Ken Stabler died July 9, 2015 in Mississippi at the age of 69. In 2009, then-PD columnist Bob Padecky came face to face with the former Raiders great at an Infineon Raceway event 30 years after an interview with the former MVP went very, very wrong.
From June 23, 2009:
"So, how you doing, Kenny?"
That's the question I asked Kenny Stabler on Sunday morning at a pressconference introducing him as grand marshal for the race at Infineon. I had noidea what would happen next. The last time I asked Stabler a question, he responded by using an action verb and the second-person pronoun and then walked straight past me on the Raiders' practice field behind El Rancho Motel in Santa Rosa.
Of course that was 30 years ago and times change, people change, events change people.
The dust-up Stabler and I had in Southern Alabama is ancient history for most people and I was curious if it would be the same for Stabler.
I mean, after all, I was the one thrown in jail, not Stabler.
During NASCAR race week, a Stabler representative had called Infineon and asked if the track's local paper, The Press Democrat, would do a story on the former NFL MVP. The very competent John Cardinale, Infineon's vice president of communications and marketing, who I bet could get an interview with Osama bin Laden if I asked real nice, said the reporter most likely to do the interview would be me.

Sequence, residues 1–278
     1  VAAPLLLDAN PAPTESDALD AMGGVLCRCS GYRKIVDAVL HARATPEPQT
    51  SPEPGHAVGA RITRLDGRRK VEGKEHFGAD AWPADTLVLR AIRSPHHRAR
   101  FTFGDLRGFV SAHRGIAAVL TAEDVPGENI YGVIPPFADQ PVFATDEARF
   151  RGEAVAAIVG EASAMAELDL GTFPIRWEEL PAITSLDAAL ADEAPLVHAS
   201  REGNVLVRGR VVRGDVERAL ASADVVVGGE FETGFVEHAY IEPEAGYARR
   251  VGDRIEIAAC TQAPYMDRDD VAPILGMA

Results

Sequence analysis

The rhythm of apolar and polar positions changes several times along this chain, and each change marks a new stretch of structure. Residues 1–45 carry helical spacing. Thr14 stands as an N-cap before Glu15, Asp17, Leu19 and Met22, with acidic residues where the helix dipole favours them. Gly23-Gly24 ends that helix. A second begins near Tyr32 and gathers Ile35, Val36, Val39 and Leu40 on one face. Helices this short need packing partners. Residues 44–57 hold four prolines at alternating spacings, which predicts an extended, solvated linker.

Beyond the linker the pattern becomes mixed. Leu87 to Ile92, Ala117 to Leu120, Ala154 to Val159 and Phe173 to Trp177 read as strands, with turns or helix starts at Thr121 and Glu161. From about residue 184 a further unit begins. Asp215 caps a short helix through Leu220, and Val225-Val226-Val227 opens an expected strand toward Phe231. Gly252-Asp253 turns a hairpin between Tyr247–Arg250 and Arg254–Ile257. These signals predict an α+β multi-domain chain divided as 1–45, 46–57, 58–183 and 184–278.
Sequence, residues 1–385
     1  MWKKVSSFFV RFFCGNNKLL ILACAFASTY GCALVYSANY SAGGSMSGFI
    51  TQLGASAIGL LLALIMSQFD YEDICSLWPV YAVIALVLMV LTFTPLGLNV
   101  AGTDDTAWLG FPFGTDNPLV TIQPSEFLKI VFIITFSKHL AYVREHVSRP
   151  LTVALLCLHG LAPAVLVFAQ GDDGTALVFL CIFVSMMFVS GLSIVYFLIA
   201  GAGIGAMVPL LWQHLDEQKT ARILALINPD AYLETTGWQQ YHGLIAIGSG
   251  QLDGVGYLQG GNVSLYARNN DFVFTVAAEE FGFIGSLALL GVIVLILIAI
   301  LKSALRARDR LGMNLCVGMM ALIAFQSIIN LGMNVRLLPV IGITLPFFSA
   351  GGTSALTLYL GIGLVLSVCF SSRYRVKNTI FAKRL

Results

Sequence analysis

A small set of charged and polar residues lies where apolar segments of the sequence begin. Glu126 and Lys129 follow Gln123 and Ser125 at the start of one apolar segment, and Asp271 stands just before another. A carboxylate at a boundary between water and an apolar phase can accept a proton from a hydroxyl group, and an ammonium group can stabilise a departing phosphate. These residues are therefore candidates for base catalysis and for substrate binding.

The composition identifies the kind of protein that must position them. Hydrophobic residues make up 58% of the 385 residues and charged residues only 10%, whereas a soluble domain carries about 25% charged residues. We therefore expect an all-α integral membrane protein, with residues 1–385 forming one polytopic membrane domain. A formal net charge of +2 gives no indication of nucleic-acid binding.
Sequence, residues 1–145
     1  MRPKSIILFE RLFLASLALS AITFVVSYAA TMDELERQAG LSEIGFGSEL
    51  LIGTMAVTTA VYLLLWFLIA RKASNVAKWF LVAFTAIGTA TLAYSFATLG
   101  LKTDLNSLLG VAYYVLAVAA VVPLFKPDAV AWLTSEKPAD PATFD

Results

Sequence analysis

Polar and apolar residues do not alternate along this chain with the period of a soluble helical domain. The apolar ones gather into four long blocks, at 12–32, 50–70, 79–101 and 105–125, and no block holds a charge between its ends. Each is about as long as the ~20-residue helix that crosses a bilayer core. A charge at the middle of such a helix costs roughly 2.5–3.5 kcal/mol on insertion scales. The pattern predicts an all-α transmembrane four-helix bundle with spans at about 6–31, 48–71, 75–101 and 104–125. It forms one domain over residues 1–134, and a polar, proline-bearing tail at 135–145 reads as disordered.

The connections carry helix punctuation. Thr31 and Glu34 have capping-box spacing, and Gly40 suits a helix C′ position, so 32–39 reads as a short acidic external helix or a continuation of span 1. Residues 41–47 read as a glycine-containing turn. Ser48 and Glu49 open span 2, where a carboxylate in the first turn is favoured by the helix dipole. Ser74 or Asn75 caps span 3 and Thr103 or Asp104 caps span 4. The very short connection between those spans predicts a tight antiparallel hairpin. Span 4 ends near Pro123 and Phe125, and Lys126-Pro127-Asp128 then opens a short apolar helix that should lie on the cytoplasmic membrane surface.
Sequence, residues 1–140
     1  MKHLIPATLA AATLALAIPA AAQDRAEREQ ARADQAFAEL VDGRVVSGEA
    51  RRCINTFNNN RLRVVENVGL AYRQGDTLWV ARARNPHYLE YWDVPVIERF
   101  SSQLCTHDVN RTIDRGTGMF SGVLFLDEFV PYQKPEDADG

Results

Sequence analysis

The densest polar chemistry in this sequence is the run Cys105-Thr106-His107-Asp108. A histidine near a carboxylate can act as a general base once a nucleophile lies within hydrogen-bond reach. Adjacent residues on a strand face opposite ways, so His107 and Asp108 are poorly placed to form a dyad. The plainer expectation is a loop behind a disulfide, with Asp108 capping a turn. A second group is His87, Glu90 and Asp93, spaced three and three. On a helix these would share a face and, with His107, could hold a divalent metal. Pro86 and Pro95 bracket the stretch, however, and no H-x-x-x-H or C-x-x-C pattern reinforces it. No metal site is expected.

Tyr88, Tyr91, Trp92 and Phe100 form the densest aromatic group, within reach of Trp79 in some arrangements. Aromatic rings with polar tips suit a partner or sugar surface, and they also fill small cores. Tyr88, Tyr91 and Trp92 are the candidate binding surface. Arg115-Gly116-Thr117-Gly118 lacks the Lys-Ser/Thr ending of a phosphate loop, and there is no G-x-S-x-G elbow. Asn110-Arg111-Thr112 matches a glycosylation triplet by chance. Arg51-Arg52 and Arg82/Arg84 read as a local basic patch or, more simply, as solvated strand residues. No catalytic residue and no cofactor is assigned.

Go check with Stabler first, John suggested. A few minutes later Stabler's representative called back and said the former Raiders quarterback would not be doing the interview.
In the interim, Cardinale had told me, Stabler was supplying nearly every Bay Area TV and radio station with interview upon interview, filling up every second with charming, insightful, humorous anecdotes and opinions about the Raiders and Al Davis.